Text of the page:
16. Their eponymous debut studio released on 20 February 1984 reached number two on the UK Albums Chart, staying on the chart for 33 weeks. The sleeve designed by Morrissey features American actor Joe Dallesandro in a cropped still from Andy Warhol’s 1968 film Flesh.
17. Bassist, Andy Rourke was temporarily fired from the band because of his alleged heroin addiction. Rourke claimed that Morrissey left a post-it-note on his car windscreen that read “Andy you have now left the Smith’s. Good luck.” Morrissey denies of the existence of any such note.
18. “How Soon Is Now?” (originally a B-side of the 1984 single “William, It Was Really Nothing”) became the band’s first US hit after becoming a club favourite.
19. The Smiths’ second album, Meat Is Murder, was released in February 1985. The LP gave Morrissey the platform to promote his long-held belief in animal rights. He had been a vegetarian since the age of 11.
20. The cardigan Morrissey wears in The Queen Is Dead album sleeve was designed by Bodymap, a 1980s design collective famed for their chic fashions.
21. The backing vocals on “Bigmouth Strikes Again” are credited to Ann Coates, however the singer was none other than a pitch-shifted Morrissey. His chosen nom de plume was a play on Manchester district Ancoats, a location which also featured in a road sign on the back of The Smiths’ Strangeways Here We Come album.
22. Morrissey and Rourke are fans of Manchester United while Marr and Joyce are fans of Derby Rival, Manchester City.
23. Morrissey brought a political stance to many of his interviews, courting further controversy. During Smiths days among his targets were the Thatcher administration, the monarchy, and his musical contemporaries. When asked about Band Aid, he once quipped, “One can have great concern for the people of Ethiopia, but it’s another thing to inflict daily torture on the people of England,” (referring to the Band Aid single).
24. In 1986, when the Smiths performed on the British music programme The Old Grey Whistle Test, Morrissey wore a fake hearing aid to support a hearing-impaired fan that was ashamed of using one.
25. “Some Girls Are Bigger Than Others” references Carry On Cleo, the 1964 film starring Sid James, Kenneth Williams and Charles Hawtrey. Hawtrey later appeared on the cover of The Very Best Of The Smiths compilation.
26. The Smiths completed recording of The Queen Is Dead at Jacobs Studios in October 1985. Studio owner Andy Fernbach has said Status Quo, who were recording “You’re In The Army Now” next door, were briefly considered to play on the album.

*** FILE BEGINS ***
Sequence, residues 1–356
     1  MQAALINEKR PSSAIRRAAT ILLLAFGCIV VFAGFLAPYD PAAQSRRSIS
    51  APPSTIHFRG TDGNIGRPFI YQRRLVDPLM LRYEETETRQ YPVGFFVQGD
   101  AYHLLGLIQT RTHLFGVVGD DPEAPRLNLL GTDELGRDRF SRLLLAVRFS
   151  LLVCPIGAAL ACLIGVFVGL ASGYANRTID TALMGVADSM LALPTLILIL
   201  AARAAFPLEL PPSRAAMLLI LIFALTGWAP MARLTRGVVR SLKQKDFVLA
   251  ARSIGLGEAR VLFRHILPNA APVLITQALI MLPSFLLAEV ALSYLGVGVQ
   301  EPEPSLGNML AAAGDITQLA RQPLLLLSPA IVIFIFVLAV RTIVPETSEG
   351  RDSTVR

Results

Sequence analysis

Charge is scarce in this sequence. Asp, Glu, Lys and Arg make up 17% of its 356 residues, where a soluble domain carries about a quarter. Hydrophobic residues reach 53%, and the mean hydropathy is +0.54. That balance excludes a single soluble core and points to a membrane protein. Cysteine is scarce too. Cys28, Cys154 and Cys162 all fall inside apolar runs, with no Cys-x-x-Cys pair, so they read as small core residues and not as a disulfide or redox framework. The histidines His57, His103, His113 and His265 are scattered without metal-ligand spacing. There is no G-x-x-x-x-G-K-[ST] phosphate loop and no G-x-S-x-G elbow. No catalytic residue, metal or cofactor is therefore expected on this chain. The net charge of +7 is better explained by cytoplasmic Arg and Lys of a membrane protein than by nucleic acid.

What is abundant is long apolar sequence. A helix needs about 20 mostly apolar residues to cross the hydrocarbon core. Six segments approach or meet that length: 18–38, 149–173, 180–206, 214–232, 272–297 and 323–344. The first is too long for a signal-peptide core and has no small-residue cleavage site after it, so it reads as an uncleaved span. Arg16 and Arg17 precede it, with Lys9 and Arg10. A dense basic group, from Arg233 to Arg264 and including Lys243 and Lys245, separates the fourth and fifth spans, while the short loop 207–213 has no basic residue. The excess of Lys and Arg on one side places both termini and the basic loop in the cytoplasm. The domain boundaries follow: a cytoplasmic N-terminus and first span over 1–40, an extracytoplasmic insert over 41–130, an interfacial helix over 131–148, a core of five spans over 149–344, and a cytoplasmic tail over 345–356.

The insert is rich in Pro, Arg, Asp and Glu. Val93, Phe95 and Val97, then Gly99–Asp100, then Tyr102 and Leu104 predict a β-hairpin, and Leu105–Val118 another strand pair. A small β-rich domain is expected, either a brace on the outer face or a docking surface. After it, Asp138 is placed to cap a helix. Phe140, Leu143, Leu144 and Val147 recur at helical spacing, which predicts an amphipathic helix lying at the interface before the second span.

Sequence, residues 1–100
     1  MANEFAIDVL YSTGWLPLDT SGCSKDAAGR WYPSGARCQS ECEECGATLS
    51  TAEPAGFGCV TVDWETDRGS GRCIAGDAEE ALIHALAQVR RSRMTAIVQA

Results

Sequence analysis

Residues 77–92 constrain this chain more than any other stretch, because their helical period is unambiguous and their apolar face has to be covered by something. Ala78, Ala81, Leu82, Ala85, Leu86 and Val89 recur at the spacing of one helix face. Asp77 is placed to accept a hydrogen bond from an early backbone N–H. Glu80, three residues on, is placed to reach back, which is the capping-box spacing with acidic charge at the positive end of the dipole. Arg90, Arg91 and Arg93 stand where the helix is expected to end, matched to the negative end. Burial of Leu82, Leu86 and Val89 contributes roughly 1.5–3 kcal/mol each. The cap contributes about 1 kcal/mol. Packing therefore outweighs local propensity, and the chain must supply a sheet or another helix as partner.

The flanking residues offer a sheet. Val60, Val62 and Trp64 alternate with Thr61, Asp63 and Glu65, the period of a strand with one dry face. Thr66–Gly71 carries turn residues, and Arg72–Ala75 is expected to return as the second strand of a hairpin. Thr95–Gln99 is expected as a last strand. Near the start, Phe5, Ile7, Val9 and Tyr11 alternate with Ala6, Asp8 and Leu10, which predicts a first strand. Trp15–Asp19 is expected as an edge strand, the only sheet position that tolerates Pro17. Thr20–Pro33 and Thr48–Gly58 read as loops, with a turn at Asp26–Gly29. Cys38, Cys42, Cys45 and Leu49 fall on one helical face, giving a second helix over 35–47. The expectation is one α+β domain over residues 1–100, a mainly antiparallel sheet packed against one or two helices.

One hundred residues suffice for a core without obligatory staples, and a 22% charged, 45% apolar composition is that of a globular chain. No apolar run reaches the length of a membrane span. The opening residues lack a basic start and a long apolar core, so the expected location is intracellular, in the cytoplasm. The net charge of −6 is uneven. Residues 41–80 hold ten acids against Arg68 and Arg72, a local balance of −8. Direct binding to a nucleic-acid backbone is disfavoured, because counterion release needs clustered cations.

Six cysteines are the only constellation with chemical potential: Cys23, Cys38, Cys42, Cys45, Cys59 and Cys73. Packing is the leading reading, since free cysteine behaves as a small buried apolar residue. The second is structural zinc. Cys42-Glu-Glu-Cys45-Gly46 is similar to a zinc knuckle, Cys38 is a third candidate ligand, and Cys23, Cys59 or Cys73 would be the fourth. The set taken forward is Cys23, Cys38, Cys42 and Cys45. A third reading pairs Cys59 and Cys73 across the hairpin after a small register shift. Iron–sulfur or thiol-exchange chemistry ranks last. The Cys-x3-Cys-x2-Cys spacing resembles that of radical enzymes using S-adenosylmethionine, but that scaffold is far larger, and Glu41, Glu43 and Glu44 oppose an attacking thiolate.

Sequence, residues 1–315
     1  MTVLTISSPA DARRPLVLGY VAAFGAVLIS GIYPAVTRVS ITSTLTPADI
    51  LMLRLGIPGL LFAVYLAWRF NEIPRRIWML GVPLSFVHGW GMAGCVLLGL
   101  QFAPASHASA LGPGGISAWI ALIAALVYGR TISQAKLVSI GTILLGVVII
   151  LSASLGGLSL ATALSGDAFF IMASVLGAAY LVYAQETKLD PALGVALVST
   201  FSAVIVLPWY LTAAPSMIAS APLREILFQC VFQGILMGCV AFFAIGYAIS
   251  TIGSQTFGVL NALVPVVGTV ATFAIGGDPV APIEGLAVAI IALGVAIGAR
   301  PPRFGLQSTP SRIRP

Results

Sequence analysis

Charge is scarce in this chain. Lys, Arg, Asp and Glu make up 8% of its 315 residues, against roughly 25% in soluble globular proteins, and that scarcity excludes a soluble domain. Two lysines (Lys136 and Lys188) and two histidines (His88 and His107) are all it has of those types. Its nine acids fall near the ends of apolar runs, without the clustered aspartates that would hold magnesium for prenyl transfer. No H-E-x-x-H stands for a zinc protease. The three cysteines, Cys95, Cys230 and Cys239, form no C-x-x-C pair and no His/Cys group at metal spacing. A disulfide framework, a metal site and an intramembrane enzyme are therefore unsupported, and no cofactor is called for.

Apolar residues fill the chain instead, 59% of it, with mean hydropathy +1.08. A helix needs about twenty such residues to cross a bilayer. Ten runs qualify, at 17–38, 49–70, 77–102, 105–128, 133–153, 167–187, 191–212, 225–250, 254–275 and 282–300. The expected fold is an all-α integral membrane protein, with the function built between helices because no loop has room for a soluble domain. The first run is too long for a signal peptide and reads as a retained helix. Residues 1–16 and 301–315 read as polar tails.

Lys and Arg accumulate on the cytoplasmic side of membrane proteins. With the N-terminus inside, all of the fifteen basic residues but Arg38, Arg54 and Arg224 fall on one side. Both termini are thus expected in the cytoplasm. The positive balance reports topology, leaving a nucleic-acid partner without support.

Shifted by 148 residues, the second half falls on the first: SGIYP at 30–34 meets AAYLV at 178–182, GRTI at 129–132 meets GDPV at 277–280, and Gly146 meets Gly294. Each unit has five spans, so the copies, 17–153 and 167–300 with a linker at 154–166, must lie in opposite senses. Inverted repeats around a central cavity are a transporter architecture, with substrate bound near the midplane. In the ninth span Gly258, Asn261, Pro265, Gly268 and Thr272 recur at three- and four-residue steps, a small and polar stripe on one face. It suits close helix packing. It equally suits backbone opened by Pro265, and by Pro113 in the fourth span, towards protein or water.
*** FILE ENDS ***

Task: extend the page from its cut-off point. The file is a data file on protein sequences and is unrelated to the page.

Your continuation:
27. The group’s cover artwork had a distinctive visual style and often featured images of film and pop stars, usually in duotone. Design was by Morrissey and Rough Trade art co-ordinator Jo Slee. The covers of singles rarely featured any text other than the band name, and the band itself did not appear on the cover of any UK release.
28. By 1987 Johnny Marr was exhausted and took a break from the band. The breakdown in the relationship has been primarily attributed to Morrissey’s irritation by Marr’s work with other artists and Marr growing frustrated by Morrissey’s musical inflexibility. Marr particularly hated Morrissey’s obsession with covering 1960s pop artists such as Twinkle and Cilla Black. Marr recalled in 1992, “That was the last straw, really. I didn’t form a group to perform Cilla Black songs.”
29. The bands fourth and final studio album Strangeways, Here We Come (taking its title from Manchester’s notorious Strangeways Prison) was released on 28 September 1987, several months after their disbandment.
30. In 2003, four of the band’s albums appeared on Rolling Stone’s list of the “500 Greatest Albums of All Time”.
The Smiths – The Day I Was There:
The Smiths – The Day I Was There tells the story of The Smiths in the words of over 400 fans from Britain and the US. With memories from the earliest Smiths shows at UK clubs through to the last ever gig at London’s Brixton Academy, you’ll see a portrait of The Smiths from the perspective of fans, promoters and support acts with personal photographs, memorabilia, fascinating anecdotes and stories that have never been published before.